Striking Los Angeles port drivers, organized by the Teamsters union, shut down an entrance to the Metropolitan Detention Center here on Oct. 3. The MDC is a federal prison where U.S. Immigration and Customs Enforcement jails im/migrant workers.
Teamsters drivers rallied at the detention center and, using a caravan of trucks, blocked the MDC’s Aliso entrance, where Occupy ICE had mounted an encampment in the summer. The caravan then went to the ports to join picket lines there and shut down entrances to both the ports and the 110 Freeway, resulting in dozens of arrests by the Los Angeles Police Department.
The striking workers were showing solidarity with im/migrant workers who could be deported if they lose their temporary protected status, currently threatened by the Trump administration. The Teamsters demanded a path to citizenship and an end to racist violence against im/migrant workers.
These port truck drivers were striking simultaneously with warehouse workers at the ports of Los Angeles and Long Beach. The workers are at a major gateway of the U.S. supply chain and know the strategic power their position gives them in labor struggles.
Solidarity in the class struggle
One issue in the port strike is the misclassification of port drivers as independent contractors rather than as the employees and workers that they are. This misclassification is done intentionally by management so that the company does not have to pay benefits and can intensify the existing profitable exploitation of the workers.
John Parker of FIRE (Fighting for Im/migrants and Refugees Everywhere) joined the workers at the detention center. He had just left a court hearing that morning, the result of his arrest at an action shutting down the detention center for an entire day.
Parker gave WW this statement: “It is a very significant development in the class struggle whenever a union organizes oppressed workers who have been traditionally ignored by organized labor. There is tremendous potential for building unity and therefore strengthening the power of workers everywhere when solidarity with migrant workers includes organizing that powerful workforce into unions.”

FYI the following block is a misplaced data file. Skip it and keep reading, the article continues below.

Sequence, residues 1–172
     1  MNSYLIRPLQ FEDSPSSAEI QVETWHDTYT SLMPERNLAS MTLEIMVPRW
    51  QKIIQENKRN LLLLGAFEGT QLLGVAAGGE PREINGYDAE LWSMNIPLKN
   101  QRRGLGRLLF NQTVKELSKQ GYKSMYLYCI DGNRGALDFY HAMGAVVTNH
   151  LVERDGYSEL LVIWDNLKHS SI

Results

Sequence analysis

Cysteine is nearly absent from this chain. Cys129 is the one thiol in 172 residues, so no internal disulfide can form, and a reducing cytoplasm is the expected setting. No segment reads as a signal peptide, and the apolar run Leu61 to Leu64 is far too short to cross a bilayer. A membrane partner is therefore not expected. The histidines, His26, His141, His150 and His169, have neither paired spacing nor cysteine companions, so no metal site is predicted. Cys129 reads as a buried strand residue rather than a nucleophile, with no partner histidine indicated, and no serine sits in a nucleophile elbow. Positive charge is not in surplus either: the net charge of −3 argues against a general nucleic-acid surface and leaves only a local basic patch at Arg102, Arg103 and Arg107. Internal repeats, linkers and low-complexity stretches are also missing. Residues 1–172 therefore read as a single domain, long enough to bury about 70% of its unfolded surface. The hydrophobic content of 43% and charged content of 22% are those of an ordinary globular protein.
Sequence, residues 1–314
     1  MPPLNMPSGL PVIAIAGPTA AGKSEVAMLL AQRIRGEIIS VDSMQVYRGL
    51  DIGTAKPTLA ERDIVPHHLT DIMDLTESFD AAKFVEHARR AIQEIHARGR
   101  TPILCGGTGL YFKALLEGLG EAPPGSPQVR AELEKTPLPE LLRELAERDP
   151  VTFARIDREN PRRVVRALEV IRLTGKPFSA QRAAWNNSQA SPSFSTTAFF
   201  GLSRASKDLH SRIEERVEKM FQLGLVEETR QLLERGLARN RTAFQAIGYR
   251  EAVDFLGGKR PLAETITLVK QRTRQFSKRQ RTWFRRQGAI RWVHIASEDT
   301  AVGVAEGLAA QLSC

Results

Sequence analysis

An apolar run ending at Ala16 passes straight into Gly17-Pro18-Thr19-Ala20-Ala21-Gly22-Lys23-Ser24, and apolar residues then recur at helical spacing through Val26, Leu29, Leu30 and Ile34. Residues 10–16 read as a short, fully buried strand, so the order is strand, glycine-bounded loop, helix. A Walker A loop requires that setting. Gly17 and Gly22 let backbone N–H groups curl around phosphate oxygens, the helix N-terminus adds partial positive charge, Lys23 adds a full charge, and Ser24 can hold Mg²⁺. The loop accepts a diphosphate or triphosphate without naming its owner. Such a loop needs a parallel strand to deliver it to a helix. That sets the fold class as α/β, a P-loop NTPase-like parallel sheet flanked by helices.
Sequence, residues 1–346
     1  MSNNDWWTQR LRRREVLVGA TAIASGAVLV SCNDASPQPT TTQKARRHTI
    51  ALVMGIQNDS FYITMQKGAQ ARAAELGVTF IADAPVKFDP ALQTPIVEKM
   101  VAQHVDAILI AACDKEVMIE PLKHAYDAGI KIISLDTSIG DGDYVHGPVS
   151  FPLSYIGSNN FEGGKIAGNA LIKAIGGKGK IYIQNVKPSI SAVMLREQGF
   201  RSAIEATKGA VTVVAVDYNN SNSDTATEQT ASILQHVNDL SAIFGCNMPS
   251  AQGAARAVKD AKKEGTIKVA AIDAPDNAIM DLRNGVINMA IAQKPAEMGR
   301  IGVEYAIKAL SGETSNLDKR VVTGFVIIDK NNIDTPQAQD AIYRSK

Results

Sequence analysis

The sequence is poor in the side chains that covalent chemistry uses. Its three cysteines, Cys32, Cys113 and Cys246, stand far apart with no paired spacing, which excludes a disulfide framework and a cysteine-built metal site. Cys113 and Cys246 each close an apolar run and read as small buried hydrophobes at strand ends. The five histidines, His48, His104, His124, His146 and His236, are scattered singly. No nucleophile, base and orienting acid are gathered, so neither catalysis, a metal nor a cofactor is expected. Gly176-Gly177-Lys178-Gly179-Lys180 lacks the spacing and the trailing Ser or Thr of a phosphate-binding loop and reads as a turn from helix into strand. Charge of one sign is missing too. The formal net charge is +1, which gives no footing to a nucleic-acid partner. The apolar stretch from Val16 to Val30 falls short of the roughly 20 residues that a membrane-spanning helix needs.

Parker continued: “It should be remembered that it was the 2006 ‘Grand Boycott’ on May 1 that forced the ultimate destruction of the racist, anti-immigrant Sensenbrenner bill, HR 4437. That bill had already made it through the House with its Democratic majority, and would easily have passed the Senate. But it didn’t get a chance to get voted on there due to the boycott that cost corporations hundreds of millions of dollars in Los Angeles alone, just that one day on May Day.
“That experience, as powerful as it was, is just a small example of the potential of the general power of workers who are the only force in society creating value-making profits. It should also be remembered that the migrant workers who boycotted on May 1 for the most part were not organized into a union. Imagine their power if they were!”
Parker added: “This effort of the Teamsters also reminds me of the tremendous help they provided during the grocery workers’ strike. The workers were represented by the United Food and Commercial Workers, but the Teamsters showed great solidarity with those workers on strike and coordinated with our International Action Center and UFCW here in Los Angeles to come up with creative strategies involving community forces to put even more pressure on the large food chains.”
Parker concluded: “The future of the union movement lies in continuing this greater cooperation with the community and the unorganized migrant workforce.”